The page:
SERIAL DATA TRANSMISSION
The simplest, most economical, and easiest to use
method of transferring digital information from one
point to another is serial data transmission. In a serial
system, the digital data is sent one bit at a time. This
means only one pair of transmission wires is required.
The serial transmission of data is far slower than
parallel transmission. In most computer systems, the
low speed is not a disadvantage. Data rates
achievable in serial data systems are sufficiently high
to make them very practical.
Serial data transmission is preferred because it is
inexpensive. It is especially beneficial in transferring
data over long distances. For long distances, you can
see that multiple parallel lines are far more expensive
than a single cable.
Low-speed serial data transmission also offers
another benefit. The data rate is slow enough to
permit the transmission of data over telephone lines.
In this case the digital data is converted into a pair of
audio tones representing binary 1s and 0s. These can
be transmitted economically for long distances over
standard telephone lines. In addition, low cost tape
recorders can be used to record the serial data. This
provides a low cost means of mass data storage and
retrieval. Standard audio cassette recorders are
widely used in this application.
Serial data transmission also permits transmission
of data by radio.
A radio communications path
represents only a single interconnecting link similar
to a transmission line pair. Therefore, for data to be
transmitted by radio, it must be in serial format.
Serial digital data is used to modulate a radio carrier
in various ways.
In digital computer systems, you will find that
both serial and parallel data transmission methods are
used. Where high speeds and short distances are
required, the parallel method is used. The serial
method is used where low cost, simplicity, low speed,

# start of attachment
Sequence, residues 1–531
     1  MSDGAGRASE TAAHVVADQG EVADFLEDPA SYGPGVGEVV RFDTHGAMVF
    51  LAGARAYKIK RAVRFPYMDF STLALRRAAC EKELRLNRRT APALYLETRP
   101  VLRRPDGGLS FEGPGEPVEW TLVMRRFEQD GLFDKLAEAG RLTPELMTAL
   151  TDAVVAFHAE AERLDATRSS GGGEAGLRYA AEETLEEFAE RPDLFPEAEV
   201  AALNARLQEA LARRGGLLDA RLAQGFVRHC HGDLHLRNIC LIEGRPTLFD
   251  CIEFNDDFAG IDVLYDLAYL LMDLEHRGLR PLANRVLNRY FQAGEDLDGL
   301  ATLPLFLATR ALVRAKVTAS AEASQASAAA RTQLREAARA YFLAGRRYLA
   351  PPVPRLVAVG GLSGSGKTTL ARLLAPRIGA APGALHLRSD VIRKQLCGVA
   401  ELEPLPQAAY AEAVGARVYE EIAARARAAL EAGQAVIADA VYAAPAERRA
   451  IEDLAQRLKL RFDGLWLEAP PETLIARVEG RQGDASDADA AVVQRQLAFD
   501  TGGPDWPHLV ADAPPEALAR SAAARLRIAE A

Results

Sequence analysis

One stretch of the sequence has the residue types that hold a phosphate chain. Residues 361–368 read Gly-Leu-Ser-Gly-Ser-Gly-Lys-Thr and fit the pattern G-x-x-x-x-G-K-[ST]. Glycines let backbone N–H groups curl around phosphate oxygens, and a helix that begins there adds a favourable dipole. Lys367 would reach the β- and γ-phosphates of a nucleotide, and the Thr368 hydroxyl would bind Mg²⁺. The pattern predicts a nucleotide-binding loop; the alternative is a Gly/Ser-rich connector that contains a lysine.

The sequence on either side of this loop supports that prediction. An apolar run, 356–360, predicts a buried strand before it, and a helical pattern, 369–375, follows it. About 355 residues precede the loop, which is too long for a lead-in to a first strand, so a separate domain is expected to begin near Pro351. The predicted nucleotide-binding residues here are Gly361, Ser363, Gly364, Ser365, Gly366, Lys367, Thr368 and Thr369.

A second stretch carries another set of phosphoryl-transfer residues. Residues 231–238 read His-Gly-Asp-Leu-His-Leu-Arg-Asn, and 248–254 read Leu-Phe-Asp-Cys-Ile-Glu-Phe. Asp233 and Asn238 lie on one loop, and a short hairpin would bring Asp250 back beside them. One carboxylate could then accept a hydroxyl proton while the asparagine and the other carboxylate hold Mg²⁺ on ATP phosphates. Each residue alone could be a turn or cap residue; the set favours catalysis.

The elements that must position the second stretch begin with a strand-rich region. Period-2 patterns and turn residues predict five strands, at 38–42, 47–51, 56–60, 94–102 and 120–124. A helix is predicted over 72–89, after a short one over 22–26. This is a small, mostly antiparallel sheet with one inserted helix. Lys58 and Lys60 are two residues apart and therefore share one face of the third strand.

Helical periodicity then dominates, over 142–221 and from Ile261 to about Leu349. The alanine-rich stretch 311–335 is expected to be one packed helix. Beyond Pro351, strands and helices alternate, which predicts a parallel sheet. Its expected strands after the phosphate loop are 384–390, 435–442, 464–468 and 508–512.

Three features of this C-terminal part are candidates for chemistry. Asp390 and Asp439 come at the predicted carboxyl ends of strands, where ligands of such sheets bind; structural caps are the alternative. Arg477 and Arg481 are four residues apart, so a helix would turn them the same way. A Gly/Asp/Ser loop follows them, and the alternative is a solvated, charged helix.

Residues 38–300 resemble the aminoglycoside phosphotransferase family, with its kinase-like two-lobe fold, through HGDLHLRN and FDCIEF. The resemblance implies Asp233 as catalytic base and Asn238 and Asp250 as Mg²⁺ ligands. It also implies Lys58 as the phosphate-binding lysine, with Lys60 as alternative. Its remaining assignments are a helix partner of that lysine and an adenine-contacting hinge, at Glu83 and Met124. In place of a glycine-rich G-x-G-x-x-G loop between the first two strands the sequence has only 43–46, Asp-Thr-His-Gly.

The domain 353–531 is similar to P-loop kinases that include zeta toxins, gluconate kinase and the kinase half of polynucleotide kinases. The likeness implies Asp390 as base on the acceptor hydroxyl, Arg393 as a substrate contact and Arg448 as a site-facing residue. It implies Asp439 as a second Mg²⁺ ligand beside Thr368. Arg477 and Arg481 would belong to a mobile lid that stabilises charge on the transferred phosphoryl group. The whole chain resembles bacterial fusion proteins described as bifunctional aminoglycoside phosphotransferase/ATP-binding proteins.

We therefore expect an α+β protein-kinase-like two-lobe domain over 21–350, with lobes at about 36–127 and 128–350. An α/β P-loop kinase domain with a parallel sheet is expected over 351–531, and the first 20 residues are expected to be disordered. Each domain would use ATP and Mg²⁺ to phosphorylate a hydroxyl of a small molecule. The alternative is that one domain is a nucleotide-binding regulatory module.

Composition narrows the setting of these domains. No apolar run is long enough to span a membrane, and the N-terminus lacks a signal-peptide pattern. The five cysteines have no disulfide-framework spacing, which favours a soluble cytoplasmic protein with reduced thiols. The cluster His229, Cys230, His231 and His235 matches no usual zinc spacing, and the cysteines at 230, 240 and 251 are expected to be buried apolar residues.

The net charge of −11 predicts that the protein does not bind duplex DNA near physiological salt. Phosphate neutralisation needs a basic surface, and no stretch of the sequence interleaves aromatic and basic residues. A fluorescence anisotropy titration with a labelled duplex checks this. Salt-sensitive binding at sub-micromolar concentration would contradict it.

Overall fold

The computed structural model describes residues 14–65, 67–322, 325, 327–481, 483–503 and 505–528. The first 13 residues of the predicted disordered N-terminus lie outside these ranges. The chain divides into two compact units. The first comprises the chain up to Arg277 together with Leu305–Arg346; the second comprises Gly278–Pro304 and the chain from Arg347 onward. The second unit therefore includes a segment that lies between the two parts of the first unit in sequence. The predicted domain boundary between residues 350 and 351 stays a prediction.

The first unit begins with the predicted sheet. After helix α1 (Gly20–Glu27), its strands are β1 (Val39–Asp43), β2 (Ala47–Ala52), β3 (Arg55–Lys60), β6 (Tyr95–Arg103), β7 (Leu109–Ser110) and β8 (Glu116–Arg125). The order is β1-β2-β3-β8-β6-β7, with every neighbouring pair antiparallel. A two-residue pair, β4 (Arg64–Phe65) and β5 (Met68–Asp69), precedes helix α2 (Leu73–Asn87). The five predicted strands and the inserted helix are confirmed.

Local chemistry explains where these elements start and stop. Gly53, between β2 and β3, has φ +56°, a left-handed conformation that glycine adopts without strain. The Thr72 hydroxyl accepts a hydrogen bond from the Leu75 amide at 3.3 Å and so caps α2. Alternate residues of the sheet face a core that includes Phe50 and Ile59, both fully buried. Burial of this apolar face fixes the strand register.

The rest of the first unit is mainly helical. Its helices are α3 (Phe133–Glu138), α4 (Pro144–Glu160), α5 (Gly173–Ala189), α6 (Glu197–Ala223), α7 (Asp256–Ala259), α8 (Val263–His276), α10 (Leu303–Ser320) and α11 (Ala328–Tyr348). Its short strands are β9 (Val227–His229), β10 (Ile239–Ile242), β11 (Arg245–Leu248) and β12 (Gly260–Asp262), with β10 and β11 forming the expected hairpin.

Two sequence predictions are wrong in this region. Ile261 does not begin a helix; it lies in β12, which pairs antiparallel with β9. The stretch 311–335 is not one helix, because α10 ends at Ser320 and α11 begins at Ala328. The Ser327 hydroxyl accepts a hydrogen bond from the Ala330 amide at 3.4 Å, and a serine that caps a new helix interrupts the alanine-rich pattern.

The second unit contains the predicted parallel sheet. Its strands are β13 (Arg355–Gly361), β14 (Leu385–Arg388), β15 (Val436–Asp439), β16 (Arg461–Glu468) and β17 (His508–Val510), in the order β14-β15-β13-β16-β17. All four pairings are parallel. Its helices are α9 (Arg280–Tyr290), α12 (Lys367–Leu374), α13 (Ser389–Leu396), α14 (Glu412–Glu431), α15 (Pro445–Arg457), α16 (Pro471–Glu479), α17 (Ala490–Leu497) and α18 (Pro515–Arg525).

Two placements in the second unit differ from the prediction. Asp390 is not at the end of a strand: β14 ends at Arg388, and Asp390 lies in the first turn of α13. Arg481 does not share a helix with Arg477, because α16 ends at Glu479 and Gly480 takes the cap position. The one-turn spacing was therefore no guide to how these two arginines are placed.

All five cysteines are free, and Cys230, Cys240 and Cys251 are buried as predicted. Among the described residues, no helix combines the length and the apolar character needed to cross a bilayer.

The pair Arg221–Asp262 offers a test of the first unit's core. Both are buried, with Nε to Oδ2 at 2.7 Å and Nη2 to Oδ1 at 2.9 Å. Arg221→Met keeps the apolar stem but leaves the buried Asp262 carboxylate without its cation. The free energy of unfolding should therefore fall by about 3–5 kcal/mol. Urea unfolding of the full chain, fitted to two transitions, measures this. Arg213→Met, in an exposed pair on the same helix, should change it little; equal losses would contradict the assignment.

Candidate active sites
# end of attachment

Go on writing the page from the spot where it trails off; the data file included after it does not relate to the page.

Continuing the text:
and long distances are necessary.
INPUT/OUTPUT (I/O) DEVICES
I/O devices are similar in operation but perform
It is through the use of these
devices that the computer can communicate with
devices external to the computer itself (peripheral
The I/O section of a computer provides the
necessary lines of communication and generates such
signals necessary for the computer to communicate
with, and when necessary, control the operation of the
I/O devices. The I/O section, once it has been
initiated by the control section, usually operates
independently of the control section, except when it
must time-share memory with the control section.
Input data may be in any one of three forms:
. Manual inputs from a man-machine interface
(MMI), such as a keyboard or console
. Analog and/or digital inputs from instruments
l Inputs from a source on or in which data has
been previously stored in a form intelligible to the
Computers can process hundreds of thousands of
computer words per second. Thus, a study of the first
method (manual input) reflects the inability of
human-operated keyboards or keypunches to supply
data at a speed that matches the speed of digital
A high average speed for keyboard
operation is two or three characters per second. This
actually translates to a data input rate of less than one
computer word per second due to coding time. Since
the computer can read several thousand times this
amount of information per second, it is clear that
manual inputs should be minimized to make more
efficient use of computer time.
Instruments used as input sensors are capable of
supplying several thousand samples regarding
pressure, temperature, speed, and other measurements
per second. This is equivalent to 10,000 to 20,000
bits or binary digits per second. Digital computers
that use these devices must be equipped with
analog-to-digital (A/D) converters (assuming the
input is in an analog format) to convert physical
change to specific increments.
Input data that has been previously recorded on
punched cards, perforated tapes, magnetic tapes, or
magnetic drums or disks in a form understood by the
program may also be entered into the computer. This
method is much faster than entering data manually
from a keyboard. The most commonly used input
devices in this category are magnetic tape readers and
paper tape (perforated tape) readers.
One of the main features of computers is their
ability to process large amounts of data quickly. In